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Lethbridge Herald Newspaper Archives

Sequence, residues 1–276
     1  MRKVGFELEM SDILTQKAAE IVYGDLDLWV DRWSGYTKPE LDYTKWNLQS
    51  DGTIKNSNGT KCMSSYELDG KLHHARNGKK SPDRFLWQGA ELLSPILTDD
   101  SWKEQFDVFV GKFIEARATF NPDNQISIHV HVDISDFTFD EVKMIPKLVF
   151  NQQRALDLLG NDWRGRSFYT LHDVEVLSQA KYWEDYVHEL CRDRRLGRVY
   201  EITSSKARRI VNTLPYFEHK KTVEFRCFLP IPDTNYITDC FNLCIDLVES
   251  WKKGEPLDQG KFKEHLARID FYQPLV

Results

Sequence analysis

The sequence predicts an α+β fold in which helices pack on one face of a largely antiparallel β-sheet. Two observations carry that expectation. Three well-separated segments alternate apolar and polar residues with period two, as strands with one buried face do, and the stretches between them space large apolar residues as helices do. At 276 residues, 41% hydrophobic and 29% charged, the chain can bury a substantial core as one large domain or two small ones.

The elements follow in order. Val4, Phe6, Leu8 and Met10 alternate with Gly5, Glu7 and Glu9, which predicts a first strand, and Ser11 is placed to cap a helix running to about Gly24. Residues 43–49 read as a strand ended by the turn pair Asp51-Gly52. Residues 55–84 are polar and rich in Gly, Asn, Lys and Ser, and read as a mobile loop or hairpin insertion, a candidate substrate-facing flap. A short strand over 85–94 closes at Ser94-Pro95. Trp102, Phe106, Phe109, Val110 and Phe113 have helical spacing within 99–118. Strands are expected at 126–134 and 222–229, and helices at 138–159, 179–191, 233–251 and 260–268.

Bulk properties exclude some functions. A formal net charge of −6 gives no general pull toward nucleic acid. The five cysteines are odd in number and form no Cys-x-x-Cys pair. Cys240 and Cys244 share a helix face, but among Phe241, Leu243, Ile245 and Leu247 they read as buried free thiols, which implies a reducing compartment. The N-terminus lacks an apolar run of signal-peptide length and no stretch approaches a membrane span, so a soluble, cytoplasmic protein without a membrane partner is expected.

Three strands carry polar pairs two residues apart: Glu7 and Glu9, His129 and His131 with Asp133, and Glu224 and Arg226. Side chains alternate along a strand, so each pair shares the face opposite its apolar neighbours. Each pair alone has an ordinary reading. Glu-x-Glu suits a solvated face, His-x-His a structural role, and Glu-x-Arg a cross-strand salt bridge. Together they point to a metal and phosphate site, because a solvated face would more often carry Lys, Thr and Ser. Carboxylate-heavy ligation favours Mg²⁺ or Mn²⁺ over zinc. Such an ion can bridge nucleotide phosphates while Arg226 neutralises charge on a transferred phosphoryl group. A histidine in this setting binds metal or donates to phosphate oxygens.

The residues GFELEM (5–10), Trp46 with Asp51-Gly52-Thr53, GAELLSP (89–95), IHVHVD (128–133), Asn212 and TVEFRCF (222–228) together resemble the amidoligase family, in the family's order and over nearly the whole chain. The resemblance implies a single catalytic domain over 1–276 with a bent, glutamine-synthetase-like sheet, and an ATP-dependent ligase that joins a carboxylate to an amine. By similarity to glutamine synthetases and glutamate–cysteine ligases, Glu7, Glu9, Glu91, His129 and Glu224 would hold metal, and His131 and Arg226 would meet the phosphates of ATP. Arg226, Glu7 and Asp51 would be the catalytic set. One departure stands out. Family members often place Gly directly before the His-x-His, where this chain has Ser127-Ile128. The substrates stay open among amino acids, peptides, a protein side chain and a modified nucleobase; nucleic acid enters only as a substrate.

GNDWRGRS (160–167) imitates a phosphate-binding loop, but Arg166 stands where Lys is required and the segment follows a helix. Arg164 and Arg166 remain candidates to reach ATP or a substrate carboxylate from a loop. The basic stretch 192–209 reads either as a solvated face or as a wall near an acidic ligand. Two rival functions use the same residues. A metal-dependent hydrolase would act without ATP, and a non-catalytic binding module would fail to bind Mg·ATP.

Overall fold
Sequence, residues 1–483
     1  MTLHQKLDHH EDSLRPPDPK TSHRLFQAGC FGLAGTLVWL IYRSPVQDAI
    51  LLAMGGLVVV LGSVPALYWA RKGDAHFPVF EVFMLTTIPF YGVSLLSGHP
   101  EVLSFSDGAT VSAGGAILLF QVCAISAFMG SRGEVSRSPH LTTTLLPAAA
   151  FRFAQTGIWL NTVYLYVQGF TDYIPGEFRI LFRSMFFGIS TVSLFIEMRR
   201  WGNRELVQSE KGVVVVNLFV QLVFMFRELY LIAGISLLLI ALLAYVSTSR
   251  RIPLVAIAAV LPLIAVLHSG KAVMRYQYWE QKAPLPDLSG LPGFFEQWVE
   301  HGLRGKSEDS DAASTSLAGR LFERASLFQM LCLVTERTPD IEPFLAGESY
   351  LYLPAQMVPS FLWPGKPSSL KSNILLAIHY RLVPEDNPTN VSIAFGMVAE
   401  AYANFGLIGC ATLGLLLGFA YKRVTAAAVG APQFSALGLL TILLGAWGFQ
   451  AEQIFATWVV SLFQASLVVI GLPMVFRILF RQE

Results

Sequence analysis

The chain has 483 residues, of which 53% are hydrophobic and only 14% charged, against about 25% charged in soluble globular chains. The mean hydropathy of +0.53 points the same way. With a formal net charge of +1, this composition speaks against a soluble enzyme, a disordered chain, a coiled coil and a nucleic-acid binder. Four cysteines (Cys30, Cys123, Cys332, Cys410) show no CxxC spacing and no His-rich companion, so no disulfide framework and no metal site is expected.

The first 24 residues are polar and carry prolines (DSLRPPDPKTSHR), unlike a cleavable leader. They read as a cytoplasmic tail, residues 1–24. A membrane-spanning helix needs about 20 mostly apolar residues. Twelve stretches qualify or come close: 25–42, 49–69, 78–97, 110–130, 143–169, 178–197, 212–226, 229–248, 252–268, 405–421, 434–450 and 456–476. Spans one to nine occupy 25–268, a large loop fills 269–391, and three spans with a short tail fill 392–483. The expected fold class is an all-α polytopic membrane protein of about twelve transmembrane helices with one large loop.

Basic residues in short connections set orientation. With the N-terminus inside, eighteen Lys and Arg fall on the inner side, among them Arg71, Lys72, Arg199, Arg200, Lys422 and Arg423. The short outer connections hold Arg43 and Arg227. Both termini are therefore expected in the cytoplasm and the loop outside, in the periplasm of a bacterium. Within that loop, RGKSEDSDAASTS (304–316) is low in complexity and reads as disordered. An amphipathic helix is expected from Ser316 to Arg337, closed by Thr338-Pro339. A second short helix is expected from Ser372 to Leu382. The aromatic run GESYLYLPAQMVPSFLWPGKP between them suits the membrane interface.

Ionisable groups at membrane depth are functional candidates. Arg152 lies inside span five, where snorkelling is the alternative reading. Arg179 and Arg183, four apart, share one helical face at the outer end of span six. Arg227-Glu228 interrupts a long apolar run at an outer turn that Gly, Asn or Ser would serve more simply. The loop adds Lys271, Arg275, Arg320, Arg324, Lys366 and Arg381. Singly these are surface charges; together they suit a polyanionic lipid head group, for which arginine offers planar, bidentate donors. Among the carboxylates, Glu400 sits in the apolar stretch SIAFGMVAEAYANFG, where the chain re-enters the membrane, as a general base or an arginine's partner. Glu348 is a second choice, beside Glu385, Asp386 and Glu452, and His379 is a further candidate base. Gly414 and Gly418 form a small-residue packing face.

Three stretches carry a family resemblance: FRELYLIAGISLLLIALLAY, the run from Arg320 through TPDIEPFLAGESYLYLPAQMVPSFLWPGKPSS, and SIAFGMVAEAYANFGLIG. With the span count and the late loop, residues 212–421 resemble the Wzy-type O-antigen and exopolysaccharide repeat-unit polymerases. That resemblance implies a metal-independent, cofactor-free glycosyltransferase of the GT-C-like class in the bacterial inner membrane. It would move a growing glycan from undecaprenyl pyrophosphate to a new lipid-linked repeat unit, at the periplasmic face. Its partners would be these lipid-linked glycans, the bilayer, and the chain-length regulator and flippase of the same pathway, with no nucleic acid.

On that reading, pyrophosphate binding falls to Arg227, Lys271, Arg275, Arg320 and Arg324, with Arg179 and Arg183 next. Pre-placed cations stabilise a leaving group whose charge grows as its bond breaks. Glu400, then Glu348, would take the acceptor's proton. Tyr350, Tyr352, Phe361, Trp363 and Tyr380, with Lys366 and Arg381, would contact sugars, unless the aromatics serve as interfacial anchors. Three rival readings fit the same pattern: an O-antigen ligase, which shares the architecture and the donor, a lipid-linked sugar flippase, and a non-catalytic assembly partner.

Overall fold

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Lethbridge Herald (Newspaper) - March 10, 1971, Lethbridge, Alberta 18 - THIIITHMIDOIHIRAID - Wednesday, March 10. 1971 U of L work issue not settled Settlement has not yet been reached among University of Lethbridge construction management officials, the electricians' union and a non-union electrical contractor on the university site. Roy Berlando, Lethbridge secretary of the building construction tirades council said he had met with the group this morning, but that no agreement had been made concerning the possibility of issuing the nonunion men with special work permits. He said he was awaiting a decision from the electricians' union international office in Calgary. Mr. Berlando said he did not anticipate problems to arise again, which resulted in a one-day work stoppage by union employees of other trades working on the new university building. In the over-all labor picture, Mr. Berlando said the carpenters' local union will be meeting Sunday, March 21 to discuss a settlement proposal with the Alberta building construction contractors' association. Contracts for six trades expire April 1, and university officials are concerned that lack of settlement in the trades could force construction work on the campus to a halt Emergency meeting in Edmonton Three Lethbridge civic officials are in Edmonton today attending an emergency meeting of the executive of the Alberta Urban MunitipaMties Association. Mayor Andy Anderson, Deputy Mayor Rex Little and Finance Director Allister Find-lay are representing the city at discussions on the provincial government's announced ceiling of $38 million on grants to municipalities. The cutback in grants has caused concern in Lethbridge and elsewhere about lack of funds in the coming year. City Manager Tom Nutting told city council Monday it could mean the city might be $80,000 to $100,000 short this year. Deputy Mayor Little says the move is added evidence that the whole tax system should be restructured to give the municipalities greater control over their own financing. Open house The students and Home and School Association of Wilson Junior High School are to hold an open house Wednesday at the school from 7 p.m. to 9:30 p.m. The program will include a bake sale and tea, teacher visitations, guided tours of the school and student displays, INSURANCE  LIABILITY  BONDS  AUTO  FIRE R0SSITER AGENCIES LTD. ESTABLISHED 1911 Lower Fleer 517 4th Ave. S. Phone 327-1541 GOING WELL - Thoso licence plate holders, provided by the Tourist Industry Association of Alberta, are "selling well' in the southwestern Alberta tourist zone, says Frank Smith, manager of the Travel and Convention Association of Southern Alberta. They are available at Treasury Branches, the Lethbridge office of the Alberta Motor Association and TCASA office for $1 each. With the Alberta tartan, Alberto rose and Alberta flag, they are designed to promote tourism for the province. Profits from sales are to be split amongst the 12 tourist zones and the Alberta association for further promotion. The plate holders are to be made available in the zone through service stations and Treasury Branches. So far, they are available in Lethbridge, Pincher Creek, Fort Macleod and Claresholm. TCASA directors picked up plates for their areas Tuesday night. Illegal importation Tourist map for south progressing favorably Seven-year term on drug charge Drafting of a tourist map for southwestern Alberta is progressing favorably, the board of directors of the Travel and Convention Association of Southern Alberta was told Tuesday night. It is expected the map folder will be presented to the board at next month's meeting for approval or additions. Th3 folder features a large map of the southwestern Alberta tourist zone. It will have 35 or more points of interest symbolized in the zone. Circle tours are to be designated for the motorist, showing what attractions can be taken in from any point in a specified time. On the reverse of the large zone map will be a city map showing the points of interest in Lethbridge. Opposite will be a map of Waterton Lakes International Park and one of Waterton Park townsite. The association is planning on printing 50,000 copies of the folder for distribution to tourists throughout the zone and as mail staffers. In other business it was indicated the directors have to get cracking on memberships. There are 125 members paid to date for 1971. Last year paid up memberships totalled 289. The association has to have its memberships into the province by the end of the month in By LARRY BENNETT Herald Staff Writer Vincent Thomas Brown of the United States was sentenced Tuesday in Lethbridge to seven years in jail for illegally importing drugs into Canada and for illegal possession of marijuana for the purpose of trafficking. Brown, a, of no fixed abode in the U.S., was found guilty when be appeared before Justice J. V. H. MUvain in Alberta Supreme Court in Lethbridge. A seven year sentence was given for importing the drugs into Canada and a concurrent two-year sentence on the marijuana charge. It was the first time the seven-year sentence (minimum for the charge) was banded out in Lethbridge. A third charge, possessing LSD for the purpose of trafficking, was dropped. Brown was taken to the Lethbridge Correctional Institution (jail) to await the transfer of the drug charges from Victoria, B.C. to Lethbridge. Brown's appearance on those charges will be made in Lethbridge. Brown, a deserter from the U.S. Army, was arrested Dec. 5 in Cardston by the RCMP, when a search of his pack revealed eight blocks of what proved to be marijuana, along with 99% orange-colored tablets which later proved to be LSD. Larry James MarcHant, 20, of Calgary, arrested Dec. 5 with Brown, offered testimony under the protection of the Canada and Alberta Evidence Act. The act, whsn asked for by the witness, allows him to answer questions which are s e 1 f-incriminating. The answers to those questions may never be used in court against him. If the witness had been an accomplice in a crime and chose to testify against the other involved person he could not be convicted on any testimony he offered while under the protection of the evidence act. Marchant testified he had first become acquainted with Brown in Victoria, B.C. Brown faces three charges there of illegal possession of drugs for the purpose of trafficking. The two men decided to visit the California coast for a few days. At the Blaine, Washington, border crossing, said Mar-chant, "we had difficulty crossing because we had long hair and smelled funny and they don't let long Haired people across the border without a While in California, Mar-chant said, the eight blocks of marijuana were purchased, but he could not recall if he or Brown had paid for the drugs. On their return to Canada the two decided it was unsafe for Brown to attempt to cross the border at a point of entry. Though Brown did have false identification he did not want to risk the crossing, especially with the drugs in the car, court was told. Within three miles of the Alberta-Montana boundary, near the Carway port of entry, Brown left the car and Mar-chant, and walked across the border with the blocks of marijuana and LSD tablets in a pack he carried on his back. Marchant drove to Shelby, Montana and then to the Coutts border crossing where he reentered Canada. Plans bad been made for the two to meet again in Cardston at the bus station. After crossing the border Brown stopped to ask directions from a farmer, the farmer became suspicious and notified the RCMP in Cardston. When Brown was stopped in Cardston he informed the officers he was to meet a friend at the bus station. "There is no bus station in Cardston and his actions were nervous," said one of the RCMP officers, "as we took him to be questioned he pointed out his friend's car and gave us his description." An RCMP officer said he went to the restaurant in front of which Marchant's car was parked. When he entered the restaurant he saw a man fitting the description of Marchant, sitting alone. It was Marchant. He was taken into custody. Both Marchant and Brown were taken to the RCMP detachment in Cardston. Brown was charged with illegally importing drugs into Canada, illegal possession of marijuana for the purpose of trafficking and illegal possession of LSD for the purpose of trafficking. Marchant was charged with the illegal possession of marijuana. Marchant is scheduled to appear in Lethbridge magistrate's court March 15 to face the drug charges made against him when he was arrested with Brown. Before he left the Lethbridge court room, Tuesday, after he was sentenced Brown told the court: "Your honor I would like to say, it is not really relevant and it is sort of difficult for me not to speak in anger, but once again you won der why so many young adults go to drugs, and once again you have shown why, because maybe the laws of your society show no mercy. Show no feeling! Maybe because the people in your society have lost their ability for compassion, and before you are going to do anything about the problem of drugs you are going to have to solve these problems." LITTLE PEOPLE Laplanders of northern Europe are that continent's smallest people. Dance winner fails to gain medal Marathon session at festival Trade meeting The Canadian Imports Association Inc. will hold a World of Trade conference in Toronto March 24. Registration for the one day conference is $2. Additional information is available by telephoning the Lethbridge Chamber of Commerce office at 327-1586. order to qualify for matching grants. The board regretfully accepted the resignation of Sven Ericksen. B e r n i c e Costanzo was appointed a director for the city succeeding A. L. H. Somerville. Ted Brule was appointed a director for Pincher Creek, succeeding Charlie Wood. One city director is required to occupy the seat formerly held by Mr. Ericksen. Dr. John Neal, association first vice-president, was named chairman of the budget committee for 1972. The province has said it wruts tourist association budgets for 1972 by Oct. 1 of this year in order to review the programs, discuss them and have ample time to prepare its own budget. The board was also informed the province might be interested in staffing border crossing information centres. There are three such crossings in this zone. A new system of provincial financing in the 12 tourist zones has left the zones in the 301 bulls entered The annual Lethbridge spring purebred bull sale will be held at the Exhibition Pavilion April 1 and 2. The exhibition office has recently completed details of the sale, and has mailed nearly 700 sale brochures to consignors and buyers over the past few weeks. There are 301 bulls entered in the sale, the same number as were entered in 1970. The number includes 112 Here-fords and 89 Aberdeen Angus bulls, all from Alberta breeders. awkward position of not know ing where they stand. After  lengthy discussion on grant! the TCASA board decided they would just have to waft until April 1 to see how the new program works and what the zone's grants will be. Water system analysis planned An analysis of the city's water system is to be undertaken and the building of a water reservoir in the northeast part of the city delayed until the study is completed. The study'is to be done by a qualified engineering firm specializing in the hydraulics field. Some $780,000 has been set aside in the capital budget for the reservoir and feeder main. The facilities have been planned to meet deficiencies in the water distribution system during times of maximum demand. City Manager Tom Nutting has recommended that the reservoir be delayed because it may not be the best answer to the problem of meeting the demand for water. City council lias approved the study, which would cost an estimated $15,000 More city news on page 19 By JOAN BOWMAN Herald Staff Writer The Yates Memorial Centre underwent the first day Tuesday of its annual invasion by dancers, teachers, adjudicators, committee members and visitors involved in the Alberta Dance Festival. The festival, sponsored by the Lethbridge Ballet Auxiliary and the Lethbridge Gyro Club, is experimenting this ANNUAL PUBLIC MEETING Lethbridge Community Chest UNITED APPEAL WED., MARCH 17th 8:00 P.M. Canadian Red Cross Building 1120 7th Avenue S. AGENDA: 1. President's report 2. Campaign Chairman's Report 3. Auditor's Report 4. Election of Directors 5. Appointment of an Auditor 6. Any other relevant items of business that may be brought before the meeting. 7. United Appeal Film NOTE: Financial statement available to all 16 Aatncics. Any contributor of th� United Appeal it a member, has voting privileges and should attend to get the focli. year with use only of the Yates. This is in contrast to previous years when three city centres were employed for competitions in ballet, Highland and Irish, and tap and stage dancing. The schedule set by the festival committee indicated the 211 classes would run late into the evenings, and opening sessions Tuesday proved to be no exception. Thirty-two classes in tap, stage, Highland and Irish dancing began at 8 a.m. and the concluding adjudication terminated about 11:40 p.m.- a lengthy close to 16-hour day for all concerned. The non-ballet classes usually amount to a seesaw battle between students of Edmonton and Calgary teachers. (Of the 38 teachers represented in the five-day festival, 30 are from these two cities.) But Tuesday was clearly Edmonton's day for high marks. Top mark went to Myrna Lecky of Edmonton, a consistent winner in previous festivals. Miss Lecky, dancing in the solo tap class for contestants 13-14 years of age, received an 87 from adjudicator Brian Foley - but was not awarded a first - place gold medal or first place in the class. Mr. Foley announced he had taught Miss Lecky the dance routine during summer school last year and although her performance had "improved 100 per cent," he deemed it unfair for the competitor to be presented with a medal. The dance bad "70 per cent of the things I'm looking for because I taught her." Instead first place in the class went to Collette Hrynew on Edmonton, who received a noteworthy 85. Among the other 17 tap and stage classes, Steffi Skrzypc-zak of Edmonton came within a hair breadth of Miss Lecky's mark for her performance in the solo jazz class for competitors nine to 10 years. Miss Skrzypczak, praised for her "dynamic" presentation, received an 86. In the 14 Highland and Irish classes, the day's top mark of 85 was awarded to two Edmonton girls in two different classes. Adjudicator Sandra Bald Jones gave the mark to Kathy McKenzie for her performance in the Highland Fling class for dancers nine to 10 years; and to Joanne Nicholson for her appearance in the Highland National class for students 11-12 years. Both girls won praise for their dancing in classes which featured 16 or more competitors. The closest marks of the day were given in the Irish jig class for students nine to 10 years. Adjudicator Jones awarded a winning mark of 83 to Karen Joanne McMullan; an 82%, to Duncan Cox; and an 82, to third-place finisher Judy Lynn Turin. All are from Calgary. One trophy which will not be awarded this year is the Aos Trophy, given annually for the highest mark in the Highland National class for students six years and under. None of the four competitors, who danced Tuesday, received the necessary mark of 80 for a first place. All sessions in the festival, which concludes Saturday, are open to the public. Wednesday evening's events will again feature alternation of Highland and Irish, beginning at 6 " p.m., and tap and stage, starting at 8:30. Thursday morning at 8 a.m., the first classes in ballet will be held and will alternate throughout the day with the non-ballet classes. About 900 entries have been registered for the festival. Dance festival results on page 30. NOTICE EFFECTIVE IMMEDIATELY OUR NEW STORE HOURS Will be as follows: MONDAY AND TUESDAY - 10:00 a.m.-5.30 p.m. WEDNESDAY-10:00 a.m.-12:30 p.m. THURSDAY AND FRIDAY-10:00 a.m.-9:00 p.m. SATURDAY-9:00 a.m.-5:30 p.m. Statutory Grape Boutique 325 7th St. S. See "PAT" the Wig Boutique Manageress and our other skillful wig stylists for all your wig and hairpiece needs. We do Wig and Hairpiece com bouts, also wig cuts Monday, Tuesday and Wednesday. Open Monday and Tuesday 9 a.m. ta 6 p.m.; Wednesday 9 a.m. to 1 p.m.; Thursday and Friday 9 a.m. to 9 p.m.; Saturday 9 a.m. to 6 p.m. College Shopping Mail 2025 Mayor MagrathJtim4 ;